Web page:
Students care about their futures and will respond with great passion and enthusiasm when the adults in their life show them how much they care as well. In a recent survey we administered to students, one student wrote, “I am most happy to see the increase in student involvement and how students are more intrigued with school.” Another student shared, “I was glad to see the change in students’ attitudes when they got to school and saw all of the work the teachers, student leadership team, and others had put into it. I’m excited to see CHS have a complete turnaround!”

You can download more information about these initiatives here. What other ideas do you have for preparing students for college and careers?

Events

School & District Management Live Online Discussion A Seat at the Table With Education Week: What Did We Learn About Schooling Models This Year?
After a year of living with the pandemic, what schooling models might we turn to as we look ahead to improve the student learning experience? Could year-round schooling be one of them? What about online
School & District Management Webinar What's Ahead for Hybrid Learning: Putting Best Practices in Motion
It’s safe to say hybrid learning—a mix of in-person and remote instruction that evolved quickly during the pandemic—is probably here to stay in K-12 education to some extent. That is the case even though increasing
This content is provided by our sponsor. It is not written by and does not necessarily reflect the views of Education Week's editorial staff.
Sponsor
Mathematics Webinar
Building Equitable Systems: Moving Math From Gatekeeper to Opportunity Gateway
The importance of disrupting traditional American math practices and adopting high-quality math curriculum continues to be essential for changing the trajectory of historically under-resourced schools. Building systems around high-quality math curriculum also is necessary to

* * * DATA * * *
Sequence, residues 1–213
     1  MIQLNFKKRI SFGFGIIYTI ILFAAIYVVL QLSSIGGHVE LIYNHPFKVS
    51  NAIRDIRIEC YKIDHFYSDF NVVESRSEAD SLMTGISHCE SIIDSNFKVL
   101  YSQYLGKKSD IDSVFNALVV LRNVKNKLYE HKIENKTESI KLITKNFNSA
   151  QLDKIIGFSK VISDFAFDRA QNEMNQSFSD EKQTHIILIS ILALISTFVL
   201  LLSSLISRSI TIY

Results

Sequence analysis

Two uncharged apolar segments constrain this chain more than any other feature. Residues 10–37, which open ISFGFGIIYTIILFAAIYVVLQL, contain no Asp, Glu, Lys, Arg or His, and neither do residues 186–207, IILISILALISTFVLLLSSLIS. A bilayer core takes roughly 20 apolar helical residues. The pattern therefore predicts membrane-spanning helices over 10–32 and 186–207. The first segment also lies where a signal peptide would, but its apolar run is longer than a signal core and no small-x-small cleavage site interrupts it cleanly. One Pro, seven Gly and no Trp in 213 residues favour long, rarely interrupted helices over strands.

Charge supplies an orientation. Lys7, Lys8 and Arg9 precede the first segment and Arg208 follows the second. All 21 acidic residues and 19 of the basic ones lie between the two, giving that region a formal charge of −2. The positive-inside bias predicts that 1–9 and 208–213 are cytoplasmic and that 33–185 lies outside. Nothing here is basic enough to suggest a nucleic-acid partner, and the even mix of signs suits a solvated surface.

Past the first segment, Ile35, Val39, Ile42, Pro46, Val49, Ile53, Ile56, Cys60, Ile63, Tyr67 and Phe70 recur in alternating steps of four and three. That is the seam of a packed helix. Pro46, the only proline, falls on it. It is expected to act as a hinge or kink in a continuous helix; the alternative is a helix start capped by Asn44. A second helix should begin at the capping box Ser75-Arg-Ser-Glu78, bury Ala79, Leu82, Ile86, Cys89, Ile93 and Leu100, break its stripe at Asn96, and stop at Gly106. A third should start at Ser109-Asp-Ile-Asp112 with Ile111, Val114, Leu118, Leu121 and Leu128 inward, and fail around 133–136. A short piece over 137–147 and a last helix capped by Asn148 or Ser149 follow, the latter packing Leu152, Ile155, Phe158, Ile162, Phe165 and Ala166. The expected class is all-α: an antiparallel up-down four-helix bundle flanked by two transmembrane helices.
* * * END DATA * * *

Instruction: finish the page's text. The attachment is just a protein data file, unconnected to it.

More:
Content provided by Partnership for L.A. Schools

EdWeek Top School Jobs

Teacher Jobs
Search over ten thousand teaching jobs nationwide — elementary, middle, high school and more.
View Jobs
Principal Jobs
Find hundreds of jobs for principals, assistant principals, and other school leadership roles.
View Jobs
Administrator Jobs
Over a thousand district-level jobs: superintendents, directors, more.
View Jobs
Support Staff Jobs
Search thousands of jobs, from paraprofessionals to counselors and more.
View Jobs

Read Next

Teaching Profession Nearly 9 in 10 Teachers Willing to Work in Schools Once Vaccinated, Survey Finds
Nearly half of educators who belong to the National Education Association have gotten at least one dose of the COVID-19 vaccine.
4 min read
Nurse Sara Muela, left, administers the Johnson & Johnson COVID-19 vaccine to educator Rebecca Titus at a vaccination site setup for teachers and school staff at the Berks County Intermediate Unit in Reading, Pa., on March 15, 2021.
Nurse Sara Muela, left, administers the Johnson & Johnson COVID-19 vaccine to educator Rebecca Titus at a vaccination site set up for teachers and school staff in Reading, Pa., on March 15.
Matt Rourke/AP
Teaching Profession Q&A Nation's Top Teachers Discuss the Post-Pandemic Future of the Profession
Despite the difficulties this school year brought, the four finalists for the National Teacher of the Year award say they're hopeful.
11 min read
National Teacher of the Year Finalists (clockwise from top left): Alejandro Diasgranados, Juliana Urtubey, John Arthur, Maureen Stover
National Teacher of the Year Finalists (clockwise from top left): Alejandro Diasgranados, Juliana Urtubey, John Arthur, Maureen Stover
Courtesy of CCSSO
Teaching Profession Teachers Are Stressed Out, and It's Causing Some to Quit
Stress, more so than low pay, is the main reason public school teachers quit. And COVID-19 has increased the pressure.
7 min read
Image of exit doors.
pavel_balanenko/iStock/Getty
Teaching Profession Opinion Should Teachers Be Prioritized for the COVID-19 Vaccine?
Not all states are moving teachers to the front of the vaccination line. Researchers discuss the implications for in-person learning.
6 min read
Teacher Lizbeth Osuna from Cooper Elementary receives the Moderna vaccine at a CPS vaccination site at Roberto Clemente High School in Chicago, Ill., Thursday, Feb. 11, 2021.
Chicago public school teacher Lizbeth Osuna receives the COVID-19 vaccine at a school vaccination site last week.
Anthony Vazquez/Chicago Sun-Times via AP